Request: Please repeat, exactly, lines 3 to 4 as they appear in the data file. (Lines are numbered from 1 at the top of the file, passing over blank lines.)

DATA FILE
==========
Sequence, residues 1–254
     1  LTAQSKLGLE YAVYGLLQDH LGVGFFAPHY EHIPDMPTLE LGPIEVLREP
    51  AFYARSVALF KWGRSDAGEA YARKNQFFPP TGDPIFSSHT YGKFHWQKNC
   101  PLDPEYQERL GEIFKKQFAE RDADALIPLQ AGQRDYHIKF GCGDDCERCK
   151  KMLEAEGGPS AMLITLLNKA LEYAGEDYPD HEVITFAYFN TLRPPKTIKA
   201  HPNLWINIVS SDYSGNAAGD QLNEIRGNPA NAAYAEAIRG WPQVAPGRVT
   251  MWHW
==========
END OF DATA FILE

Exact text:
    51  AFYARSVALF KWGRSDAGEA YARKNQFFPP TGDPIFSSHT YGKFHWQKNC
   101  PLDPEYQERL GEIFKKQFAE RDADALIPLQ AGQRDYHIKF GCGDDCERCK